Disputatio:Iosephus Nicolaus Laurenti

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Why doesn't the title of his major book, Josephi Nicolai Laurenti Austriaci Viennensis Specimen Medicum (1768), make the nominative of his surname Laurent(i)us ? IacobusAmor 10:52, 30 Novembris 2010 (UTC)[reply]

Pass ... The name as we have it here seems to be widely accepted, though what the contemporary authority for it is, I don't know.
I changed "in the Western world" (whatever that would have meant in the 18th century) to "in European writing", not specifically aiming to include Russia or exclude America but for the specific reason that this is how de:wiki expresses it, and de:wiki seems to have been the main source from which the other wikis were translated. In any case I'd like to know the reason why such a phrase is included at all: did descriptions of cave-dwelling species already exist in non-European or non-Western literature? Andrew Dalby (disputatio) 13:03, 30 Novembris 2010 (UTC)[reply]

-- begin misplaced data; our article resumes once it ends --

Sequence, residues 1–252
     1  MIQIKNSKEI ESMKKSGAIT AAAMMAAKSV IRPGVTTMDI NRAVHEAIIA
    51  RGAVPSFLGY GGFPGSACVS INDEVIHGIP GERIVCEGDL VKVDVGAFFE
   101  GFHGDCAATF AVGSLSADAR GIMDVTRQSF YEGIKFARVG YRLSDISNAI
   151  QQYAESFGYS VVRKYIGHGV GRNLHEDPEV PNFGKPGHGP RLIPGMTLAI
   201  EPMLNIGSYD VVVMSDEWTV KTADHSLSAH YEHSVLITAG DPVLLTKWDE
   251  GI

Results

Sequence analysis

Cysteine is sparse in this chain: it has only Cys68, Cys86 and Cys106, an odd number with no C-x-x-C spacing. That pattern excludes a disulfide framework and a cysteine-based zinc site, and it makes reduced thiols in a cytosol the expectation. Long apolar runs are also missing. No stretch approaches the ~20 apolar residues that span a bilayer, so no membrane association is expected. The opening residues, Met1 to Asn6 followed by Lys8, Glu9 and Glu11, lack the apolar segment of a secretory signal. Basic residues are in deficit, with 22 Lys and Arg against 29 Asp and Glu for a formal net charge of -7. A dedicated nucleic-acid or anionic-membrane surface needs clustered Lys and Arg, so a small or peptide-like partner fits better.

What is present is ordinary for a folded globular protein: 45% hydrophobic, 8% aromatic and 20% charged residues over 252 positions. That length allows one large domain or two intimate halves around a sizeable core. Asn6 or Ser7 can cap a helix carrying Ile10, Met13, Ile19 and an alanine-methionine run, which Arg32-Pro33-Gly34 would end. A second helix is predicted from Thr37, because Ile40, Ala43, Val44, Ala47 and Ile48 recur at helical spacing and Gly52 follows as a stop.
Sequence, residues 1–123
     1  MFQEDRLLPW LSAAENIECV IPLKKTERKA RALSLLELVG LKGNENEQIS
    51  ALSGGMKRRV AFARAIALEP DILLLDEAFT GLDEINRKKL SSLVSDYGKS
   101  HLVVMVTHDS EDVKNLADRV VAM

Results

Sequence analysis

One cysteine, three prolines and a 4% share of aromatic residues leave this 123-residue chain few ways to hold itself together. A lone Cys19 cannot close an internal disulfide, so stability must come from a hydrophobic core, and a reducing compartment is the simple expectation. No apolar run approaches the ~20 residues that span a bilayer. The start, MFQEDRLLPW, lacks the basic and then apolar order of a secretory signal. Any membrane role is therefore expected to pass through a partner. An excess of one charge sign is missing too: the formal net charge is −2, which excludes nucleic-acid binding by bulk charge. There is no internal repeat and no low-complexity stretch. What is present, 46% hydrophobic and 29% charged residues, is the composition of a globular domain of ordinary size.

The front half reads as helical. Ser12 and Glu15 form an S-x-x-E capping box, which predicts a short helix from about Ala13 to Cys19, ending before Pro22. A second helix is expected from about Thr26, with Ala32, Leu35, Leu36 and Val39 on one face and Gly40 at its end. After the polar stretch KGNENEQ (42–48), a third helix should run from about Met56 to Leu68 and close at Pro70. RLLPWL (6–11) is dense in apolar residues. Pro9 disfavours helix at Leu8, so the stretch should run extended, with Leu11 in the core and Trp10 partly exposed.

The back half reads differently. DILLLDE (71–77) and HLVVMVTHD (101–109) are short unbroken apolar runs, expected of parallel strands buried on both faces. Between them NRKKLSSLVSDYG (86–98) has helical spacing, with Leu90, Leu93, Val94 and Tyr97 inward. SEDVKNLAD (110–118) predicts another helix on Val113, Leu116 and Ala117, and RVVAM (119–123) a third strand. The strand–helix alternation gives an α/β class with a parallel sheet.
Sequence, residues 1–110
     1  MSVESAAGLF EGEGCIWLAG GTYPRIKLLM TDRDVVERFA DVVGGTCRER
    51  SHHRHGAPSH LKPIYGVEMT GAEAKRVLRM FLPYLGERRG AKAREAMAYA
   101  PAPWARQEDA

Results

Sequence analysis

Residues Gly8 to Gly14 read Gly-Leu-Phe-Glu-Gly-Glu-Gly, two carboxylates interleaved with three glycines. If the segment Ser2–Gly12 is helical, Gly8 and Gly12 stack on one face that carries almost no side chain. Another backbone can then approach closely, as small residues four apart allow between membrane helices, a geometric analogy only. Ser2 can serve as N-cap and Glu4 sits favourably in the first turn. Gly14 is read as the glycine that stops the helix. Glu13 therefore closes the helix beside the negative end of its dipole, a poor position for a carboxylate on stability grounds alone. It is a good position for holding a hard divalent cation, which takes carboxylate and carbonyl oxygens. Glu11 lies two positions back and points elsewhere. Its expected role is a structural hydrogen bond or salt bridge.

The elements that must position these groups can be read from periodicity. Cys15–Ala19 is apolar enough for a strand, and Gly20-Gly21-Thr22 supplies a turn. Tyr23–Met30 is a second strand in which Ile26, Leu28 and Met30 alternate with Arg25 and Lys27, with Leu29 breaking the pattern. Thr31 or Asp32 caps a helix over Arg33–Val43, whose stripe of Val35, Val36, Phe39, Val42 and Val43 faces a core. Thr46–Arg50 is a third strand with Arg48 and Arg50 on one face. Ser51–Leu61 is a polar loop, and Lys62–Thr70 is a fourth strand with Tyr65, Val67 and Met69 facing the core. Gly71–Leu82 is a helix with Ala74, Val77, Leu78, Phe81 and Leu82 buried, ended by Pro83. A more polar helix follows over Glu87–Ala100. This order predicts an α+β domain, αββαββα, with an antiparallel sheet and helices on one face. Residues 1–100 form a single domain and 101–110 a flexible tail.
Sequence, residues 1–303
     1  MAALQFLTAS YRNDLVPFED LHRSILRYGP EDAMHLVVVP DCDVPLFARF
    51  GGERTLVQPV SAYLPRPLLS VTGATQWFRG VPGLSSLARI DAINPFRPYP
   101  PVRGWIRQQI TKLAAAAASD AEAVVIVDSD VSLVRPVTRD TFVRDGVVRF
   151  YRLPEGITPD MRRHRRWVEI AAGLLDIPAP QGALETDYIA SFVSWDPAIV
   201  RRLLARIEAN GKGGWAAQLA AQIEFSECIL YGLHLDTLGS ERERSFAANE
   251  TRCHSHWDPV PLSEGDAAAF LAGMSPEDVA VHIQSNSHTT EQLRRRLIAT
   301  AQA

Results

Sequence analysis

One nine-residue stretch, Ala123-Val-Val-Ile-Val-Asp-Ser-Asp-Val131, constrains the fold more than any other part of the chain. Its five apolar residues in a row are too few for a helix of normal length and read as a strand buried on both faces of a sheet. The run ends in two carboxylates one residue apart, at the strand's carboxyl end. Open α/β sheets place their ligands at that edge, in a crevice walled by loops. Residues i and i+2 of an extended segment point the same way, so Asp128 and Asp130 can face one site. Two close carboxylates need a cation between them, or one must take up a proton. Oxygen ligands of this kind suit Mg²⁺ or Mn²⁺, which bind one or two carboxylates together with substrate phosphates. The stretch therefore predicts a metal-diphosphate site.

Contributions to the History of Herpetology (digitized versions of the relevant pages here [1][2]) asserts it is 'Laurenti'. There are apparently two versions of his work, and:
"The name "Laurenti" appears on the title pages of both, but it has been disputed whether this form is both genitive and nominative. At the end of the preface in the thesis version (only), the name is given in what is believed to be the Latin nominative: Josephus Nicolaus Laurenti. Unfortunately, in the 1966 reprint of the thesis version of Laurenti's book, the final i in his name has been omitted. On inquiry to the Archives of the University of Vienna, Kurt Mühlberger, the University Archivist, has determined that Laurenti himself consistently used the spelling "Laurenti" in all of his university records and that it is, in fact, the nominative form."
There's also an image of what is presumably his autograph, which reads 'Josephus Nicolaus Laurenti'. —Mucius Tever 03:17, 5 Decembris 2010 (UTC)[reply]